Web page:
Oh my. I had no idea. I had heard of it and even read reviews praising it and describing it as exceptional. But I didn’t know it would be this good, this powerful. I opened it up on my iPad during a long flight over the Atlantic, then sat physically transfixed and emotionally moved as it played out. It was unlike anything else I’ve ever tried or experienced. It was amazing.
It’s called That Dragon, Cancer. Some say it’s a video game, but that’s not quite right. As it comes to the end it says, “Thanks for Playing,” but you haven’t really played it, not in the way you might play Tetris or Angry Birds. Is it an app? A simulation? An experience? Maybe it’s all of them. Whatever it is, it’s powerful and exceptional.
Let me back up. In 2014, little Joel Green died of cancer at just 5 years of age. It was a tragedy that came after a long battle full of advances, retreats, and, at last, the terrible words, “It’s fatal.” He left behind heartbroken siblings and parents. In their sorrow, many grieving parents have taken up the pen to write books, blogs, or articles about their experiences. Some have written songs or poems. There must be something therapeutic in this kind of self-expression, this sharing of grief. Ryan and Amy Green did something different. They created That Dragon, Cancer.
This game, this app, invites us into their experience. In an interactive way it invites us into the joys of parenting and the heart-breaking sorrow of loss. It invites us into the uncertainty, the turbulence of a long, terminal illness. It invites us even into the great questions of faith for, to my surprise and delight, the Greens are Christians. They speak words of hope, they pray prayers of confidence, they sing hymns of faith. She proclaims her confidence that her boy will be healed, then is left grappling with the inevitability of his death. He wavers in his faith but finds it restored and strengthened. The finale is dramatic, sorrowful, delightful.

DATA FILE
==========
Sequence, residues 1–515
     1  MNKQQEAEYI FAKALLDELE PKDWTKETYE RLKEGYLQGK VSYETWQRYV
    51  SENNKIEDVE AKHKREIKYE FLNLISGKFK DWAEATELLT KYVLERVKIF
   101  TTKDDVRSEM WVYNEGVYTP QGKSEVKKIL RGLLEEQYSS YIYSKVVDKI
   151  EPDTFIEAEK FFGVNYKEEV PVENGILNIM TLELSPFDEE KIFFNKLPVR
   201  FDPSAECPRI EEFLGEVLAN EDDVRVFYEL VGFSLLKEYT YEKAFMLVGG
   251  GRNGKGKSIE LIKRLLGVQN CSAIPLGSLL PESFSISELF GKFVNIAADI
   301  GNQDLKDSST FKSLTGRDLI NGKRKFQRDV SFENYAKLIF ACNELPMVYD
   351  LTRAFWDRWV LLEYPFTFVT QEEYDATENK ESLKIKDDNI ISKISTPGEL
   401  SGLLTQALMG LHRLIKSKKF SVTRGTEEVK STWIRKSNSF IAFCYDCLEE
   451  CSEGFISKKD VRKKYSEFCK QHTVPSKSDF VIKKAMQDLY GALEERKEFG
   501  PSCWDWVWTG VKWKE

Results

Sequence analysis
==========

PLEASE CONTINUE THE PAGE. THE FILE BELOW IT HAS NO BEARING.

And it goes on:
This journey is dramatized through the different scenes and scenarios that we experience and explore. The doctor’s diagnosis is played out through a child’s toy, grotesquely highlighting the horror of death when it comes to someone so young, so innocent. The great crisis of faith plays out as a storm, she bobbing above the waves, he drowning far beneath. But then he emerges to tell the story of Jesus who once calmed a storm. Sometimes we flit from location to location on the wings of a bird, and sometimes we simply hear a father’s grief as he tries desperately to comfort his dying child. Sometimes we remain perplexed by a scene until we figure it out, until we learn the lesson and can move on. It preaches without being preachy. It is gut-wrenchingly sad yet heart-warmingly hopeful. It is, to my knowledge, entirely unique.
That Dragon, Cancer is as difficult yet as straightforward a game as you will ever play. The purpose is not to gain points or earn badges or compete with friends, but to grapple with hard matters, to consider life and death, to consider mortality and eternity. The Greens invite you into an experience—their experience—and wonder if you’ll be changed by it. I am quite certain you will. (It is available for most operating systems and on most platforms and costs just a few dollars. Find details at thatdragoncancer.com. You can click here to buy it for your iPad or iPhone.)